You should first be very confident that what you're trying to do is actually valid... there's probably a good reason that variable is private. Modifying it may break the state of an instance of A, and there's no guarantee a private variable will be in a logical or consistent state when you break encapsulation to read it.

With that caveat, if you can modify / recompile the library declaring your class a friend of A is probably the way to go. Have B hold an instance of A by composition, and since it's a friend it can access private members of the A instance.


And, because I'm feeling particularly evil here's a demo of how to break encapsulation without even modifying A. Although it's not portable (I'm working in g++ on 64-bit linux) and involves figuring out the in-memory object layout. I changed the map to a vector for simplicity.

#include<vector>
#include<iostream>

class A {
private:
    int blah; //Just to make it a bit more realistic.
    std::vector<int> A_vec;
public:
    void outputVec() {
       std::vector<int>::iterator it = A_vec.begin();
       while(it != A_vec.end()) {
         std::cout << *it << std::endl;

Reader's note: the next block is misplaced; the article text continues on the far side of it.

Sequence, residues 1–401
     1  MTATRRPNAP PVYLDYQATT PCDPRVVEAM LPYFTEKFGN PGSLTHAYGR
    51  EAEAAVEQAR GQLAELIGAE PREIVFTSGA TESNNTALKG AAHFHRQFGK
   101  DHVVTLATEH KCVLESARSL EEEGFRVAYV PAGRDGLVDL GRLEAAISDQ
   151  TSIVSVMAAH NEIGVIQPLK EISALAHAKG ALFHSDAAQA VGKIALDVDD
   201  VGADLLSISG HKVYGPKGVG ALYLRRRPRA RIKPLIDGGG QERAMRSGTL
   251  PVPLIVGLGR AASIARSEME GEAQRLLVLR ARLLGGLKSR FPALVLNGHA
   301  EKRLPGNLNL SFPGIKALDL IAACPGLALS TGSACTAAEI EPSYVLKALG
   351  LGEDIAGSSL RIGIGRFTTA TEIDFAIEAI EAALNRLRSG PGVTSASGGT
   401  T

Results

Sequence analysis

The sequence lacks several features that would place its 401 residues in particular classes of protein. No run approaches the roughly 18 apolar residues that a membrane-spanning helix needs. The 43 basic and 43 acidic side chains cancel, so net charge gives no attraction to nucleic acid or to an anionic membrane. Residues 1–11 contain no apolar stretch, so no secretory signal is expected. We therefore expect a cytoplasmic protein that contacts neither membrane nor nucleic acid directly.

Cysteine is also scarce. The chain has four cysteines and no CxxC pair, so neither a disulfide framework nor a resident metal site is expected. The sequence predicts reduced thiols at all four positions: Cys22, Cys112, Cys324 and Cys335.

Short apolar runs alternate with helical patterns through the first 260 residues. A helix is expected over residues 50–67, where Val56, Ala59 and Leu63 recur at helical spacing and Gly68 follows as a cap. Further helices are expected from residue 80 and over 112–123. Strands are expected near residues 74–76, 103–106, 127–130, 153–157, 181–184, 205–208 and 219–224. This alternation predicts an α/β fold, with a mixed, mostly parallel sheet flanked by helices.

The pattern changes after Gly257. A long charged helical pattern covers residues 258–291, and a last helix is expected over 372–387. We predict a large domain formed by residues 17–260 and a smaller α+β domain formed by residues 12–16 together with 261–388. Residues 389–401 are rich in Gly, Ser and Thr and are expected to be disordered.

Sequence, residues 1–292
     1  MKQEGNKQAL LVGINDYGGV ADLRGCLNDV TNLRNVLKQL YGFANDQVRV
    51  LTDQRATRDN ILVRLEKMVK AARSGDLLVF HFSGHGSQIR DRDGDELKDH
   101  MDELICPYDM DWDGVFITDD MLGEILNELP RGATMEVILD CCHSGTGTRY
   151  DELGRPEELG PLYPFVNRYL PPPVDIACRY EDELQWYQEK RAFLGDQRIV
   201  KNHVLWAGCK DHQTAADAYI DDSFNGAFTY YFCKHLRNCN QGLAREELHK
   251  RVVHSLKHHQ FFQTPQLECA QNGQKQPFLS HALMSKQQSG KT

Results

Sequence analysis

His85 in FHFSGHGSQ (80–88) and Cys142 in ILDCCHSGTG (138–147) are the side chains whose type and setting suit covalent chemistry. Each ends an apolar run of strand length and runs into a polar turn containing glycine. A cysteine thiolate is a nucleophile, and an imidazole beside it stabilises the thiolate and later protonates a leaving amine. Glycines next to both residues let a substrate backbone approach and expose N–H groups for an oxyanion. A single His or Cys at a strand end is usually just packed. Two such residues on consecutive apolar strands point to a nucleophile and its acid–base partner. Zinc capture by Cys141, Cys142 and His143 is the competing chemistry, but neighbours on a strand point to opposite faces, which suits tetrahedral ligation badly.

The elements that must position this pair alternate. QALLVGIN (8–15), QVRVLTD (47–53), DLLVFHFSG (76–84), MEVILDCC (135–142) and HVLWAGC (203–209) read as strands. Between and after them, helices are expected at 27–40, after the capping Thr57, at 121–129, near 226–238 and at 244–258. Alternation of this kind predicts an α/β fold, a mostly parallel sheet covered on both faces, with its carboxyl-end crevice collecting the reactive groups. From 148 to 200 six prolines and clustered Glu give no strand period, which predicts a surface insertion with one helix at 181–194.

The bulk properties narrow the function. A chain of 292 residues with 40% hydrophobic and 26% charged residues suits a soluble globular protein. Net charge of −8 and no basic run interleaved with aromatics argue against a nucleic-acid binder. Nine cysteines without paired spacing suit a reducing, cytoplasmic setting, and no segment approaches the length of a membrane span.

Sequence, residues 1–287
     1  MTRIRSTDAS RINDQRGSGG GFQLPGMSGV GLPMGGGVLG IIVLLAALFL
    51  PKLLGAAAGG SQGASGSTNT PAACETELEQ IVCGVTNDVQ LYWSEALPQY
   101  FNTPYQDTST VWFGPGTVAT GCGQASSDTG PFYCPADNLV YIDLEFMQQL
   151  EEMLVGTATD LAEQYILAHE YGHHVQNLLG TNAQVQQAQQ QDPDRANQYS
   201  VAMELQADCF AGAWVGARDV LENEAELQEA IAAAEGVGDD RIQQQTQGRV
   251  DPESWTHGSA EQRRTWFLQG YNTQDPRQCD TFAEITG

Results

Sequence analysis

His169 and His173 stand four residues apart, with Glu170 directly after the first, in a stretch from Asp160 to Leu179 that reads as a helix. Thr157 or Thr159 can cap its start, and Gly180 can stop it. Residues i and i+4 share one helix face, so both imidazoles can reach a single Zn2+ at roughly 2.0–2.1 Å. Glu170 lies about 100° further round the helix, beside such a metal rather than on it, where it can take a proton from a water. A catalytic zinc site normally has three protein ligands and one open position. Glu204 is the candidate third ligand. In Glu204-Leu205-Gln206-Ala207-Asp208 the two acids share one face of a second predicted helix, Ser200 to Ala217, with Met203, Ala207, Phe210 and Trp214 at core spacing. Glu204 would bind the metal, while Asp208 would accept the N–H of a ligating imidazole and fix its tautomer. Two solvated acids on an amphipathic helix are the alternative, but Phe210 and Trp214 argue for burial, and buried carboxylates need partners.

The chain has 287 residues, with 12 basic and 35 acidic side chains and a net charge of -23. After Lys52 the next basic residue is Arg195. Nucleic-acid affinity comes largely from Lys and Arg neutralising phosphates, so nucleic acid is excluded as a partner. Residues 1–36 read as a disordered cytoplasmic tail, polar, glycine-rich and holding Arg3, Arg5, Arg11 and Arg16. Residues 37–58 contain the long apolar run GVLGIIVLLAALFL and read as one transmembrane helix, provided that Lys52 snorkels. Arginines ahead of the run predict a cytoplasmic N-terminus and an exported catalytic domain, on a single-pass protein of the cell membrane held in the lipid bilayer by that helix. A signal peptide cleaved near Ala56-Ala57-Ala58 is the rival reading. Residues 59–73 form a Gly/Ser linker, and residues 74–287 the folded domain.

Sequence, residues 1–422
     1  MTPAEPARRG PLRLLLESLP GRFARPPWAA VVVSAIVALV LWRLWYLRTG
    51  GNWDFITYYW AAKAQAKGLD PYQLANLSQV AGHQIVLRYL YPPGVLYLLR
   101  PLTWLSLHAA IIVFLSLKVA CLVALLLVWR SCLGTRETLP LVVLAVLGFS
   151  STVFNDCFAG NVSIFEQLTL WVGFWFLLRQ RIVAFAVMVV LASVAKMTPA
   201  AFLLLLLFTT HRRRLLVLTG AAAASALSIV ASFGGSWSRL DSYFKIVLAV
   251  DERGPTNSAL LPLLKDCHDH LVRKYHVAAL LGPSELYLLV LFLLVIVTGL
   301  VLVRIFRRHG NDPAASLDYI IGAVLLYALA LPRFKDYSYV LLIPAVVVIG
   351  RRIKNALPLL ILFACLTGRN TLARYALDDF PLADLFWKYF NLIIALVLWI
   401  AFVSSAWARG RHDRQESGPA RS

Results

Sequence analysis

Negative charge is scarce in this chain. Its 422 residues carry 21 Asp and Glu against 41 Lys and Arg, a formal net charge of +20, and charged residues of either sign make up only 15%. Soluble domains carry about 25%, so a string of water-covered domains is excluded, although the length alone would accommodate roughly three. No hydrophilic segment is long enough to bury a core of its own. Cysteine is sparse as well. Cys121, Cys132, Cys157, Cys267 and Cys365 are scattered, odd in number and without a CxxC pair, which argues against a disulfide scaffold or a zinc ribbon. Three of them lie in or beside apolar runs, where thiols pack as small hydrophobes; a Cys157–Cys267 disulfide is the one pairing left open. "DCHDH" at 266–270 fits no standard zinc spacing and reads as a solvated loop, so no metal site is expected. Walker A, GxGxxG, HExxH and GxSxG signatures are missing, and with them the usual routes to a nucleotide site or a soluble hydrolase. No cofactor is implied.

++it;
        }
    }
};


int main() {
  A* a = new A();
  std::vector<int>* v = (std::vector<int>*)(((char*)a)+sizeof(long));
  v->push_back(27);
  v->push_back(12);
  a->outputVec();
  return 0;
}
share|improve this answer
    
Thanks for the post; I've made a minor edit to my question. I don't really mind about visibility politeness here -- I know what I'm doing, and all I'm doing is reading some numbers I need. The library which I'm using is huge, and still under development by their owners. They'll probably change the way things are done, but they won't do it now -- and I wouldn't like to do it too. –  Rubens Feb 26 '13 at 22:52
    
+1 it's the most limited true-to-intent solution –  Cheers and hth. - Alf Feb 26 '13 at 22:52
    
@Rubens. The problem is the maintainers of this library are explicitly making no guarantees about the contents of that private member HAVING the numbers you need even in the existing version of the code. I've written plenty of objects that streamed data in and only clean it up into a usable state once it's actively requested by a public accessor. –  patros Feb 26 '13 at 23:03